I am just not arguing at all for what
your argument(s) seeks to refute.

I know that. It might be your problem. You have independent reason to *believe* in the conclusion of comp. You just seems uncomfortable that those conclusions can be extracted from comp. It looks like you feel like this should force you to accept comp, but I have *never* say so. There are plenty other logical alternatives. Just that to make a non- comp theory, you will have to diagonalize against comp, and that will not been obvious, given the fact that machines can do diagonalization too (indeed self-reference logics exploit this maximally).




If you want your argument to be a refutation of COMP+naive materialism, then
write that.

It is a refutation of comp+weak materialism (which entails all known form of materialism). And the proof is constructive, so it does translate the mind-body problem into a justification of how the laws of physics emerge from comp/numbers. This makes comp testable, and up to know nature confirms it, through the "many world/dream" testable appearances.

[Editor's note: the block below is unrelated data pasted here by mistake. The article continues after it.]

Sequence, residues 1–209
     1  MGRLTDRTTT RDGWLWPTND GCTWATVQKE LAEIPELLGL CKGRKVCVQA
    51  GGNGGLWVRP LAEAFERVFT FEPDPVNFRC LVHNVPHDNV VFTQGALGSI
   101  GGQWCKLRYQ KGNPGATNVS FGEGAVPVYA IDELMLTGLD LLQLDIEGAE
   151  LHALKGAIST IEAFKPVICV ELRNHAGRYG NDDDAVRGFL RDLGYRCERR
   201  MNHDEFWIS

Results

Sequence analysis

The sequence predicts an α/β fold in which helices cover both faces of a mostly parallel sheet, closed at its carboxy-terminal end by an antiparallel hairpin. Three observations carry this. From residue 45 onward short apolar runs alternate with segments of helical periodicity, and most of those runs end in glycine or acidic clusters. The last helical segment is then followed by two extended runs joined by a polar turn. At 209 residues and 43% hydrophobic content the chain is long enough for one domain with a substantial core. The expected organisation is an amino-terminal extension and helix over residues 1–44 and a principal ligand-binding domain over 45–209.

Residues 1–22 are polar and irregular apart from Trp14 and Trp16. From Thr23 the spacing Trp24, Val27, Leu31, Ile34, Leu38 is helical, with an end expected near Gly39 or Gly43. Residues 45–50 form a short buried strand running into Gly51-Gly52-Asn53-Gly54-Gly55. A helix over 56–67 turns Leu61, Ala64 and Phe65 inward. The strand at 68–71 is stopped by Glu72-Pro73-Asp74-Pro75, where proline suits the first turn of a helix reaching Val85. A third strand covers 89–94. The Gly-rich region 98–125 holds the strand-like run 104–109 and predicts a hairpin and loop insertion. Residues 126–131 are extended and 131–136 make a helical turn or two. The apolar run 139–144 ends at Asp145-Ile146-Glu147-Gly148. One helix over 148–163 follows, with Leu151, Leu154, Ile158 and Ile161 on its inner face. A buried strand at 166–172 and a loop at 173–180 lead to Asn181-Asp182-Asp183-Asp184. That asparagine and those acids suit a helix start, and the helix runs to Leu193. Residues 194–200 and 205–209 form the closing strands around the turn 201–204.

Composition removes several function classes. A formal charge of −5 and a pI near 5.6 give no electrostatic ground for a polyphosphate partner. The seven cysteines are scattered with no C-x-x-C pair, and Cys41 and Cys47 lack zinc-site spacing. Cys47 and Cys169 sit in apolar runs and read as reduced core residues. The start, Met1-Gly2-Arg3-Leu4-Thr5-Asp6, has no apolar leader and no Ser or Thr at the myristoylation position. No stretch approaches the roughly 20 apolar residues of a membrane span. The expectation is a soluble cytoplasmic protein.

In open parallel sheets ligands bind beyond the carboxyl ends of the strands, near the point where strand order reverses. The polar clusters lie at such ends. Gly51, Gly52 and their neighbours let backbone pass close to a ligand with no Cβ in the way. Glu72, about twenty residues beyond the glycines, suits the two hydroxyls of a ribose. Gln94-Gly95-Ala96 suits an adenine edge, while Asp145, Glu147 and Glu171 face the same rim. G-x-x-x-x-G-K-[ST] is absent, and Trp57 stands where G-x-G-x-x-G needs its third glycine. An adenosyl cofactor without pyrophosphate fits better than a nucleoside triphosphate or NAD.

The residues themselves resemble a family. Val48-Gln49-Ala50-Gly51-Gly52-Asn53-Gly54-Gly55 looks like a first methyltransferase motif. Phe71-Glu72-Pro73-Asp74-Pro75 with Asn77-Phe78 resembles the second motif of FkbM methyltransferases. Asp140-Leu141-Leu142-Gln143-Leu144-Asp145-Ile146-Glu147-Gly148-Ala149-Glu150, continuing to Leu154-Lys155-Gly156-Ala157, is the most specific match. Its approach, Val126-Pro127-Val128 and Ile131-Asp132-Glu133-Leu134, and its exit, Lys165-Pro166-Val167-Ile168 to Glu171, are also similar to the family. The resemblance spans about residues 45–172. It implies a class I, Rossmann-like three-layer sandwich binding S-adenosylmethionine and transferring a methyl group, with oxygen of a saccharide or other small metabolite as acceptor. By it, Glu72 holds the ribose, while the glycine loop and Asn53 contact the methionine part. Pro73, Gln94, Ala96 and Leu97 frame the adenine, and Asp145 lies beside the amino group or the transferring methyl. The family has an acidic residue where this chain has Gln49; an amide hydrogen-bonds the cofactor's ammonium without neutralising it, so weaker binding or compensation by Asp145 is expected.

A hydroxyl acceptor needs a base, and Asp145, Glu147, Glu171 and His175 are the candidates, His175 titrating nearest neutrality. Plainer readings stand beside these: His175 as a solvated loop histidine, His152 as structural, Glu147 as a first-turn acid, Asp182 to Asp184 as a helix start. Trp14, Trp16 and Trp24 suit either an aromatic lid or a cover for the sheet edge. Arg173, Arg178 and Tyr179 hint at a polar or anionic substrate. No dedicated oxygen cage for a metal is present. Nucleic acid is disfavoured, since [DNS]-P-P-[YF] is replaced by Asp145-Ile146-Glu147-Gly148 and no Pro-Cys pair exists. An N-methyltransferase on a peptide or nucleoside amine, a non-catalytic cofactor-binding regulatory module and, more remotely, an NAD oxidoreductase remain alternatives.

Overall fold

It might actually work as that, though I suspect that people
that adhere to a naive form of materialism have to be very dogmatic to keep that belief for long, so they probably often will not be convinced by any
rational argument at all.

Study the literature. Look how much the QM interpretation are debated. Don't take people who does not embrace immaterialism at the start as being so stubborn that they cannot follow a reasoning. If you were correct here, the science enterprise would be hopeless.



I mean even almost universally accepted modern physics are not compatible
with naive materialism

This is a very highly debated point. For many, the many worlds saves "naive or weak materialism", even booleanity at some high level description of the entire multiverse.



(things are made of spatially defined and non-fuzzy
stuff, like bricks or something).

Weak materialism is the statement that primitive matter exists ontologically. It might be fuzzy, non local, even magical, etc. But comp makes all form of such a "primitive" matter into a machine's statistical appearance, and this in a precise way (relative measure on computations as seen from inside, and then AUDA use Theaetetus to define the "inside" perspective from self-reference logic, and makes comp+classical theory of knowledge 100% testable).

Bruno


http://iridia.ulb.ac.be/~marchal/